Damage assessment presents difficulties. Assuming there was no understanding by sellers and Maffucci as to the terms of any sales agreement prepared by Maffucci (ignoring the fact that sellers signed an agreement and thereby, arguably, accepted its terms), it cannot be said with any certainty what *243 terms should have been employed in the contract with the buyers. For example, a proper agreement of sale might well have contained a clause permitting the buyers to cancel if the appraised value of the property was less than its sale price. Such was the case here. Consequently, the buyers could have cancelled any agreement of sale no matter how well drawn by Maffucci, if the appraisal clause were included. It is not known whether buyers could have secured a mortgage. That was a condition of the agreement of sale actually prepared. In all likelihood it would have been a condition in any agreement prepared by Maffucci and could be the cause of cancellation without giving rise to any claim for damages against the broker. A proper agreement may have required the inclusion of an attorney review clause. The buyers might have cancelled as permitted by that clause, without reason, and without providing the sellers with any claim for damages against anyone. It is therefore impossible to say that the poorly drafted agreement, in fact, resulted in any of the claimed losses, other than those occasioned by application of the Plain Language Act. * * * * * * * * Maffucci, unquestionably, was negligent in the preparation of the agreement of sale. It was badly drawn for all of the reasons set forth in my written opinion. Maffucci is therefore liable for damages proximately flowing from the negligent acts. For all of the reasons stated above, however, it cannot be said that Maffucci's negligence was the proximate cause of any damages suffered by the sellers, except those imposed under the Plain Language Act discussed below. There can be no recovery on a theory of negligence.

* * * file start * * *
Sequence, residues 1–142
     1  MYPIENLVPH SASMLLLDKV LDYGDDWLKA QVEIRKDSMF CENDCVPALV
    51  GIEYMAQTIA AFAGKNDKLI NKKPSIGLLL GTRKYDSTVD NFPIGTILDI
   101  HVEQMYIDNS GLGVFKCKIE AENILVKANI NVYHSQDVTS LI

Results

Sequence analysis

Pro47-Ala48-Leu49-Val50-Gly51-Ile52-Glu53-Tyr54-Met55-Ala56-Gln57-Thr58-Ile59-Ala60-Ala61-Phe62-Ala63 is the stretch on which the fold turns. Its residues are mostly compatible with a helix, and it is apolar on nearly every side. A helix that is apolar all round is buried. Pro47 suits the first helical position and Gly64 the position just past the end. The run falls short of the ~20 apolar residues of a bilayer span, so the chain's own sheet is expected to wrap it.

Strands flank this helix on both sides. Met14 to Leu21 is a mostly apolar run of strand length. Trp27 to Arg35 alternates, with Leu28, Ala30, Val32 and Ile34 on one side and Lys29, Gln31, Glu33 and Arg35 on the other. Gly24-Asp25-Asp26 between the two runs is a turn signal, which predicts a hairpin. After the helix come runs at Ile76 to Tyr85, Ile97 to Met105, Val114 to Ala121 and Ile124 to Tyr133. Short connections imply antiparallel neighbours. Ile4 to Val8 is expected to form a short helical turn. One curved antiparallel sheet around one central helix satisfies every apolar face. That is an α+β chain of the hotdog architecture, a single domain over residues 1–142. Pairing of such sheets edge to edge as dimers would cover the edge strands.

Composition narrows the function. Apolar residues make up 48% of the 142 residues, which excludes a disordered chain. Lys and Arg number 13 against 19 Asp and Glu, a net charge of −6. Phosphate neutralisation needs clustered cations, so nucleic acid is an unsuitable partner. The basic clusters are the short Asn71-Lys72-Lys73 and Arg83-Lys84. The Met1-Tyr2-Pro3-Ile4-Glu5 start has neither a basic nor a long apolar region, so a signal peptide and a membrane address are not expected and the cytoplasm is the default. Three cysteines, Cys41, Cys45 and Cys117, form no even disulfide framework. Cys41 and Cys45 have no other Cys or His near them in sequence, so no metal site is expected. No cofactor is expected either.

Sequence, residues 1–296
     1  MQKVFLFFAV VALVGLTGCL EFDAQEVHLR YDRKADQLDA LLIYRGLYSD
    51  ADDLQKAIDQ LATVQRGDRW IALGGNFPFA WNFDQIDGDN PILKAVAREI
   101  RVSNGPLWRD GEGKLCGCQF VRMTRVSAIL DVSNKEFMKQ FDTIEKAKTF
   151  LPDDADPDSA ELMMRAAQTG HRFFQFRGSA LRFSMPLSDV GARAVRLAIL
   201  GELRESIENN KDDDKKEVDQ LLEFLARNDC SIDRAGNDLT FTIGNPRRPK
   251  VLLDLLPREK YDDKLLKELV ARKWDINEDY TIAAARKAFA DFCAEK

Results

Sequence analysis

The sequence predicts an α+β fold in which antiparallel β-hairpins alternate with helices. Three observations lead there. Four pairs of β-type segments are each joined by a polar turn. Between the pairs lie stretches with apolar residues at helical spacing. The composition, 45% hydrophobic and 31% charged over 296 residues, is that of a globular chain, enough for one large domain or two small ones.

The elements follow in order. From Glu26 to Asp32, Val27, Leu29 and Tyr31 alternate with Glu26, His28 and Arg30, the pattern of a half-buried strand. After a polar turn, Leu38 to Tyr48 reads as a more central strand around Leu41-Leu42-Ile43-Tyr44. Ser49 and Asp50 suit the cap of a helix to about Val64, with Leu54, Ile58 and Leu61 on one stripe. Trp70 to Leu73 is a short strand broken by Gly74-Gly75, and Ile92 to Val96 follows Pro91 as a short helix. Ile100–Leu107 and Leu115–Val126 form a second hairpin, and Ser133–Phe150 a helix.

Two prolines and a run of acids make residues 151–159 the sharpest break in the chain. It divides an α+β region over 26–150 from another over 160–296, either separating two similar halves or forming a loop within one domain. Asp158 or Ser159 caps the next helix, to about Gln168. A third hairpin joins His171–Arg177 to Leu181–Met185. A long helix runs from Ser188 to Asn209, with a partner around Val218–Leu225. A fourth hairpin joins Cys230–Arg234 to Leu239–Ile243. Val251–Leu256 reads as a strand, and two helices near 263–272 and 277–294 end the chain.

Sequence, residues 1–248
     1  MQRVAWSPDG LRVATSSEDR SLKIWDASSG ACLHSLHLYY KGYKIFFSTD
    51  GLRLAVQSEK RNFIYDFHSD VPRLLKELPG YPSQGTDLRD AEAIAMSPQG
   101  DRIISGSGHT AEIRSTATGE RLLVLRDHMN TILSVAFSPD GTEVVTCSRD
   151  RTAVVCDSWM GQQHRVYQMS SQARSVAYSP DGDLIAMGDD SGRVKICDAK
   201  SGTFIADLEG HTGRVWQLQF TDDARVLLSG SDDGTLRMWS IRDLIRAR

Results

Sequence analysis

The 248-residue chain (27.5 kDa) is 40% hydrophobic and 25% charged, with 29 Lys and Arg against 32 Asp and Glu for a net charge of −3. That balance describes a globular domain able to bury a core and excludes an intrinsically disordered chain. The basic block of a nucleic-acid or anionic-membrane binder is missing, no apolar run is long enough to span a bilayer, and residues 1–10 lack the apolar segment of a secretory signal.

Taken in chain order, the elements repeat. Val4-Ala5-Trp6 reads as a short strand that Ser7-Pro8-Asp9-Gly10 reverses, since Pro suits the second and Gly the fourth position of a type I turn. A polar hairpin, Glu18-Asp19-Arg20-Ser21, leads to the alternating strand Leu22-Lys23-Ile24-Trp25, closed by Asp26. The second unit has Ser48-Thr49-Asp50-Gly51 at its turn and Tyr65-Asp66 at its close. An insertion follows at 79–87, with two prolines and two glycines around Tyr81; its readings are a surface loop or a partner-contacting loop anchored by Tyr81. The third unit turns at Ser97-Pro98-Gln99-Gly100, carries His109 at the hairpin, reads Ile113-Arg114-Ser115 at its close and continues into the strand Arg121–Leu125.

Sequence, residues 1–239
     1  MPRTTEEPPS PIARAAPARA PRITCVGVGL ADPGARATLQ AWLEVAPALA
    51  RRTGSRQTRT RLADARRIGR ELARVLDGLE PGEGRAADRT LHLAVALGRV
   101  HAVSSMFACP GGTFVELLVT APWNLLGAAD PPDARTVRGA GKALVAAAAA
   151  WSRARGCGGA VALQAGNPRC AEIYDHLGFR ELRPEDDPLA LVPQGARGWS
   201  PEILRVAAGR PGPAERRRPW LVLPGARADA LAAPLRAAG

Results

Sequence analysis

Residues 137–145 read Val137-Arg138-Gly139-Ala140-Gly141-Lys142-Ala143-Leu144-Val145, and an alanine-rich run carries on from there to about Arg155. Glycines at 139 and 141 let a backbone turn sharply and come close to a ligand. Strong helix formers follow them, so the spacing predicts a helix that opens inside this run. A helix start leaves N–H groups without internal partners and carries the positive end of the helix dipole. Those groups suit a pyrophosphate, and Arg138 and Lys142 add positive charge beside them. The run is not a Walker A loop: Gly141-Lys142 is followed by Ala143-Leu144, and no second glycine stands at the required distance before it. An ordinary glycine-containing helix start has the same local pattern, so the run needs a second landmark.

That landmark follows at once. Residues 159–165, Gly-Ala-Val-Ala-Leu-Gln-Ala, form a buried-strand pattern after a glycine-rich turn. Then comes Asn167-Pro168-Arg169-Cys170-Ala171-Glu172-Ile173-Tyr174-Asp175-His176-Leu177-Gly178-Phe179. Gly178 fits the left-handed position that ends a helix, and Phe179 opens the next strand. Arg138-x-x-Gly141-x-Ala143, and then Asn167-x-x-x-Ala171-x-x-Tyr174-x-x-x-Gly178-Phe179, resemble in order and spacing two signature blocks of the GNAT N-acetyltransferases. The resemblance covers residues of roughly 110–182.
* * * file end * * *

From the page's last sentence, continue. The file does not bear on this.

It is true, as Judge Haines observed, that a properly drawn contract might have allowed the buyers to escape if their appraisal was less than the purchase price, or might have been canceled by operation of an attorney review clause. However, the fact is that the agreement which was prepared by the broker did not so provide but rather was prepared in such a manner as to prompt the buyers to withdraw thereby leaving the plaintiffs without the benefit of their bargain and allegedly subjecting them to certain losses. A claim for damages may not be denied on the basis of the possibility that no loss would have been sustained had the agreement contained escape clauses which it did not. We view this as a mistaken application of the rule that an act or omission will not be regarded as the cause of an event if the event would have occurred without it. See Kulas v. Public Service Elec. & Gas Co., 41 N.J. 311, 317 (1964). Further, we find no factual support in the record for the broker's contention that the contract was terminated because *244 of the buyers' inability to obtain adequate mortgage financing, thereby rendering the content of the agreement incapable of being a substantial factor in bringing about plaintiffs' claimed losses. Rather, as has been determined, the contract was terminable because it violated the Plain Language Law an event which could not have occurred except for the negligent conduct of the broker. This nexus between the act and the event permits a finding of a causal relationship between the broker's negligence and the asserted loss incurred by plaintiffs. The test of proximate cause is satisfied when the negligent act is a substantial contributing factor in causing the loss. Lamb v. Barbour 188 N.J. Super. 6, 12 (App.Div. 1982), certif. den., 93 N.J. 297 (1983). Accordingly, plaintiffs should have been permitted to proceed on their cross-claim against the broker for recovery of the damages allegedly sustained by reason of the broker's wrongdoing, instead of being limited as a matter of law to those which were imposed pursuant to the Plain Language Act.